The Female Pioneers at Colombo Port (Part 2)
In the second instalment of a two-part feature, which began by introducing us to one of Asia’s youngest crane operators, guest author Nilantha Ilangamuwa further explores the lives and work of the extraordinary women working at the Port of Colombo.
Poojani, along with her colleagues Sewwandi, Harshani and Udeshikai (pictured above), represent the present stage of woman’s long journey for freedom. All of them have their own story and experiences to narrate.
Poojani said: “It was challenging at the beginning as many thought women were weak and would not be able to do what men were doing for decades.
“Especially in a place like a port: how could a woman handle skyscraping cranes, they questioned. But we must, first of all, thank the higher officials for making this revolutionary decision to recruit a group of females as crane operators in Colombo Port.”
Sri Lanka Ports Authority took the decision to ensure gender equality in the work place, allowing 25 females to join its training programme. In the end, 10 out of 25 remained. Subsequently, those female crane operators were deployed in the Jaya Container Terminal at the Port of Colombo.
“Our general target is to handle 25 to 30 containers per hour, so we are doing that,” Poojani commented, while levering a container.
As with any other field, the beginning for these women was a mixture of the excitement of winning and the fear of failing. Working as a gantry crane operator, while many others are looking at you, is indeed challenging.
“I can proudly say we are playing an active part in enriching our country. When we learn that the port has become one of the best ports on Earth, we feel delighted recalling our contribution.”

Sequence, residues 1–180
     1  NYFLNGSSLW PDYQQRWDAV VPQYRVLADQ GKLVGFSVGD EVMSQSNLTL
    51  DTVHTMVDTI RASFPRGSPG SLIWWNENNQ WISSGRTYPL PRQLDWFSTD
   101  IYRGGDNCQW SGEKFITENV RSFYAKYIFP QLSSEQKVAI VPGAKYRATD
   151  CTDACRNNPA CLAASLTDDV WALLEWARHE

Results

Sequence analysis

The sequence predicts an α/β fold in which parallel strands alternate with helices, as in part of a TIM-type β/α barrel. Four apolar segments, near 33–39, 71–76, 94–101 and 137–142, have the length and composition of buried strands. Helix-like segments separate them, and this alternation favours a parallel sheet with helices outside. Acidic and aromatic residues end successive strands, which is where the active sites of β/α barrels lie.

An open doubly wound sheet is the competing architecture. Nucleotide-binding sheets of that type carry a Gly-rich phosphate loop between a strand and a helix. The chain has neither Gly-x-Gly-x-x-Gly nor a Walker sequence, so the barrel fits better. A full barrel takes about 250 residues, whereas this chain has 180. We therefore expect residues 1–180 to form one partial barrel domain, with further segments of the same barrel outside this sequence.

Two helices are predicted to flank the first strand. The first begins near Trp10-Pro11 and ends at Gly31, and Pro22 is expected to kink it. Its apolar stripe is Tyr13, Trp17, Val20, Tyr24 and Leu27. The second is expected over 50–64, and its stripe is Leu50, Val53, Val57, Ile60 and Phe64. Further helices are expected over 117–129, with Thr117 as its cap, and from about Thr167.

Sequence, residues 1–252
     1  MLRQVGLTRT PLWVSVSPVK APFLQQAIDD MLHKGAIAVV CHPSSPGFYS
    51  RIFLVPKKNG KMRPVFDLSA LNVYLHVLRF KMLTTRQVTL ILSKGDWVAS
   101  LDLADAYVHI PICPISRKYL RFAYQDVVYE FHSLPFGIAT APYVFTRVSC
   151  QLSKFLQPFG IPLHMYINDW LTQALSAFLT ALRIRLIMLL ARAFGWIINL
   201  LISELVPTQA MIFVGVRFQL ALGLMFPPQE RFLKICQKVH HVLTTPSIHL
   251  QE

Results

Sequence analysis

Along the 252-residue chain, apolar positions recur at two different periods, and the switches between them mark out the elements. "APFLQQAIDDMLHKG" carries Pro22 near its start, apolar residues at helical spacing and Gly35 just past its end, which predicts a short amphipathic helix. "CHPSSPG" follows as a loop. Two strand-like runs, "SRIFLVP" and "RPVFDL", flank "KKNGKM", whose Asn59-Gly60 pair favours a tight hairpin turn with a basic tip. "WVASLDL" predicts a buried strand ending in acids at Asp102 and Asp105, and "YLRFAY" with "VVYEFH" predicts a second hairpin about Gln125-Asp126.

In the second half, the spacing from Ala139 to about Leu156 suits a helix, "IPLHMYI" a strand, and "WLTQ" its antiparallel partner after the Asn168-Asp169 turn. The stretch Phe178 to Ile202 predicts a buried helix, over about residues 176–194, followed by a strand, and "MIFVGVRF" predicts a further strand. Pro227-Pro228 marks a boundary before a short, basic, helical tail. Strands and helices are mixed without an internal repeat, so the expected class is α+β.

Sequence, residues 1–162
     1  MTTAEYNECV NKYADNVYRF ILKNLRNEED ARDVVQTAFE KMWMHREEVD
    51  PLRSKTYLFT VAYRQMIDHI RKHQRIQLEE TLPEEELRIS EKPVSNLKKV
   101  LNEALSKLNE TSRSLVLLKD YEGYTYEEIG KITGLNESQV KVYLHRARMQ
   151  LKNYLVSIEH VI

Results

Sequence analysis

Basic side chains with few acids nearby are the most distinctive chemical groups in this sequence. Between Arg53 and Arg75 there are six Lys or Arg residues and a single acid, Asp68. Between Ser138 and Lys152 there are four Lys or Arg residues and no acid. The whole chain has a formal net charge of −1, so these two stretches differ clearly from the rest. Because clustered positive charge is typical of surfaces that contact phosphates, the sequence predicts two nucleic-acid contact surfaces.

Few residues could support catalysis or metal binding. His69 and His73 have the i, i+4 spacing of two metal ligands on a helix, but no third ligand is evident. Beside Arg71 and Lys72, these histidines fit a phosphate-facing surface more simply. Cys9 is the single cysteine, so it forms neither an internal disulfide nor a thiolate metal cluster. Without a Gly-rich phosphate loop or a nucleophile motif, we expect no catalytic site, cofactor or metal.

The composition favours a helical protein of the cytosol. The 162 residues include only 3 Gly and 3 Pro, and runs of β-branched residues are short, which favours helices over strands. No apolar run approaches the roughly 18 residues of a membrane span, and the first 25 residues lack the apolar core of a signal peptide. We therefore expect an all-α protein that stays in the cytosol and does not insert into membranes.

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Like many others working in Colombo Port, there is a long journey ahead for women like Poojani and her colleagues. Every drop of sweat from their hard labour is well-preserved, filling the pages of the Colombo Port’s history.
Harshani, who hails from the Colombo suburb, also describes her experiences as a female crane operator, claiming that what she is doing is beyond her dreams.
“I never dreamt of this job, as it was classified only for men. But, when we were receiving the training, we slowly learned how to break the old myth of impossibilities. We were taught how to break the technical and ideological barriers established in this society.”
She added: “Many gentlemen here trained us, helped us, and immediately corrected us whenever we made mistakes. But in a very short period of time, we as female gantry crane operators proved our capability and efficiency just like other male colleagues. We are safe and we are proud.”
Colombo Harbour, Sri Lanka
Colombo Port, as one of the ancient ports on the earth, has witnessed many historical events. Located in a strategically valuable part of the Asian continent, the port occupies a significant space in the global supply chain.
These female crane operators are writing the new pages of Colombo Port’s rich history, as well as that of the maritime industry in their country.
Joining the discussion, Sewwandi and Udeshika shared their rich experiences of working as gantry crane operators. Both their fathers worked in the Colombo Port, so it is not a new place for them. But they never thought that they would one day be operating this high-rise crane.
Speaking of their occupation’s importance, the two said: “The gantry crane has already become an inevitable part of our life. I believe it is not an exaggeration to say that the home has become secondary to the gantry crane. Our world is here.”
Continuing the celebration of #internationalwomensday read PTI's Women in Series, featuring @RHDHV's Nicola Clay. Find out more here: https://t.co/DJPDxgxFKH #balanceforbetter pic.twitter.com/QZeLTBmPY4— Port Technology (PTI) (@PortTechnology) March 9, 2019
On the wake of celebrating International Women’s Day – which took place on March 8, 2019 - these women are showing the world how to change the traditions for the betterment of mankind. They are involved with the very inception of new technology and innovations.
Ultimately, the world is changed not by those who obey and follow tradition, but those who are thinking differently and act differently with both compassion and discipline.
Their courage, self-belief, commitment, and bravery made it possible for these women to override barriers and become successful. It is indeed demonstrated by every step forward Poojani and her colleagues take.